On Sep. 24, 2018, Federal U.S. District Judge Dana Christensen reinstated federal protection for grizzly bears in the Greater Yellowstone Ecosystem (GYE), overturning the March 2017 decision by the U.S. Fish and Wildlife Service (USFWS) to delist the GYE grizzlies from Endangered Species Act (ESA) protections.
Judge Christensen’s ruling effectively ended the planned hunts in Idaho and Wyoming, despite the fact that the region’s grizzly population has exceeded every scientifically established recovery criteria since 2003. Numbers have risen from 136 bears when they were listed in 1975 to more than 700 today. In fact, they’re so densely populated that they have reached carrying capacity.
“Grizzly bears in the Greater Yellowstone Ecosystem are clearly recovered—they should be managed by wildlife professionals—not the Courts,” said Chris W. Cox, Executive Director of the NRA Institute for Legislative Action (NRA-ILA). “It’s time for state fish and game agencies to take over bear management with the help of hunters. NRA will continue to fight until we achieve this goal.”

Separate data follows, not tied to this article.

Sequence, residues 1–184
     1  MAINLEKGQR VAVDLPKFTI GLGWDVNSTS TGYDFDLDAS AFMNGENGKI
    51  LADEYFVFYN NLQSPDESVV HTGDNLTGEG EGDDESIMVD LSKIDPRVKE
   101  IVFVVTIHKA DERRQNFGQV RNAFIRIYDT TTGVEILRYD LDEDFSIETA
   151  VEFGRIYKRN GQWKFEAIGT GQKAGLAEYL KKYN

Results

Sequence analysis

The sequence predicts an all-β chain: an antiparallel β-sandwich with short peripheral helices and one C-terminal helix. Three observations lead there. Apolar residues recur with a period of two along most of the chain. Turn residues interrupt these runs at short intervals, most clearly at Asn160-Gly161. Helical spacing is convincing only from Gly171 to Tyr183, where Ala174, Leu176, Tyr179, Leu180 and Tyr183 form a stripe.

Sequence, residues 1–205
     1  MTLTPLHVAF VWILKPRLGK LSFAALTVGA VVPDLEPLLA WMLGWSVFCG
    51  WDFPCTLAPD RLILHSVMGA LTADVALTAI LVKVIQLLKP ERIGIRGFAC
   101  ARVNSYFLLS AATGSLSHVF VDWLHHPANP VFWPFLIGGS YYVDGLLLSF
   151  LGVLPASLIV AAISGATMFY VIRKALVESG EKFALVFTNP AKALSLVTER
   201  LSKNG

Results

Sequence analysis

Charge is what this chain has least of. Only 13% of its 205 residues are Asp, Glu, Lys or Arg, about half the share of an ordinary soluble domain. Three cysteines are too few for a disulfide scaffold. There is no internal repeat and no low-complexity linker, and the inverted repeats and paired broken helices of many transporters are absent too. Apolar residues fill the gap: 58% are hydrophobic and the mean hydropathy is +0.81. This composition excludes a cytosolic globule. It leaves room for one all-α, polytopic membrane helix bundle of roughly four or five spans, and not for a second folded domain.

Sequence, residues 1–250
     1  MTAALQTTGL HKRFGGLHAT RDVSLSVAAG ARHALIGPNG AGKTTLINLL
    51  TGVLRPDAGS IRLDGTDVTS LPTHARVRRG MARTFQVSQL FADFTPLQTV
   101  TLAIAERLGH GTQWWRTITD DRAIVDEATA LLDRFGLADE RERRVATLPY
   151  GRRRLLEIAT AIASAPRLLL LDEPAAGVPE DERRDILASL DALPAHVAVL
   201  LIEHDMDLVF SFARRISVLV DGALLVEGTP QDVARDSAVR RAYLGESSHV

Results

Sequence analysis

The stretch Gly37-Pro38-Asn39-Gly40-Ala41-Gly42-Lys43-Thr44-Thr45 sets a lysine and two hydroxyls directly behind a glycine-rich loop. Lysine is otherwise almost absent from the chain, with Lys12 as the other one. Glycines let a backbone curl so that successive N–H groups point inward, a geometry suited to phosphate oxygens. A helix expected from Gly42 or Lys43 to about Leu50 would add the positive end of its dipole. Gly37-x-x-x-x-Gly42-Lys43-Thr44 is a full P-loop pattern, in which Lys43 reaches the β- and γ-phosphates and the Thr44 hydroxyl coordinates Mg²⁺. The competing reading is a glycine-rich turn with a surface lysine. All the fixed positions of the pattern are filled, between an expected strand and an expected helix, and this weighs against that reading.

The states’ hunts originally scheduled to begin on Sept. 1 planned to allow hunters with special permits to take as many as 23 grizzlies (22 in Wyoming and one in Idaho), but were put on hold twice by Judge Christensen to deliberate over animal rights extremist groups’ demands to restore the bears’ federal ESA protections.
The recent ruling reinstating federal protection for the bears came just 10 days after a Wyoming hunting guide was mauled and killed by a grizzly while field-dressing an elk near Jackson Hole, and despite federal and state officials’ claims that grizzly delisting and hunting seasons are necessary due to the rise in human-grizzly conflicts and livestock depredation.